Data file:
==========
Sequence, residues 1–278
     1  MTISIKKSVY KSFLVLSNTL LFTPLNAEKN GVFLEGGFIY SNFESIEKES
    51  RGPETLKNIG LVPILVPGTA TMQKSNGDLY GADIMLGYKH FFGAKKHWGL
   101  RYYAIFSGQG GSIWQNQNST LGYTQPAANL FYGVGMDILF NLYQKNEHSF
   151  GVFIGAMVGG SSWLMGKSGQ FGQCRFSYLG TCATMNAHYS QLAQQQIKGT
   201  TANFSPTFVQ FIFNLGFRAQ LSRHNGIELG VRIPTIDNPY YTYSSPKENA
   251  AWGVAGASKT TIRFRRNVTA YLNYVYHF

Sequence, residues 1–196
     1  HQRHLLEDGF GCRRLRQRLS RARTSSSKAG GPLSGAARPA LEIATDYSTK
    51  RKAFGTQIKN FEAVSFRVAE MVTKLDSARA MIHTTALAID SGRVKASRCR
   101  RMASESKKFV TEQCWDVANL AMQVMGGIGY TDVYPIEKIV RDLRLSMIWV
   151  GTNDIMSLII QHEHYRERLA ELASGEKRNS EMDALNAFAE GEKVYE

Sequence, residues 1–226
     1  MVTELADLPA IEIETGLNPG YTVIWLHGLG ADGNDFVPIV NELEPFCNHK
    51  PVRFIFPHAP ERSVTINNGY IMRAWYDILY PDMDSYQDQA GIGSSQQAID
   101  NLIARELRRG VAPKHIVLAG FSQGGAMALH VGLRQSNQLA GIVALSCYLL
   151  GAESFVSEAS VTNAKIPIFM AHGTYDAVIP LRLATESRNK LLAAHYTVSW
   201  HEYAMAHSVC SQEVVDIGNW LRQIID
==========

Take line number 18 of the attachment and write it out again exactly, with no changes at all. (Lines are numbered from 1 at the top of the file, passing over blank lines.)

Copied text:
   201  HEYAMAHSVC SQEVVDIGNW LRQIID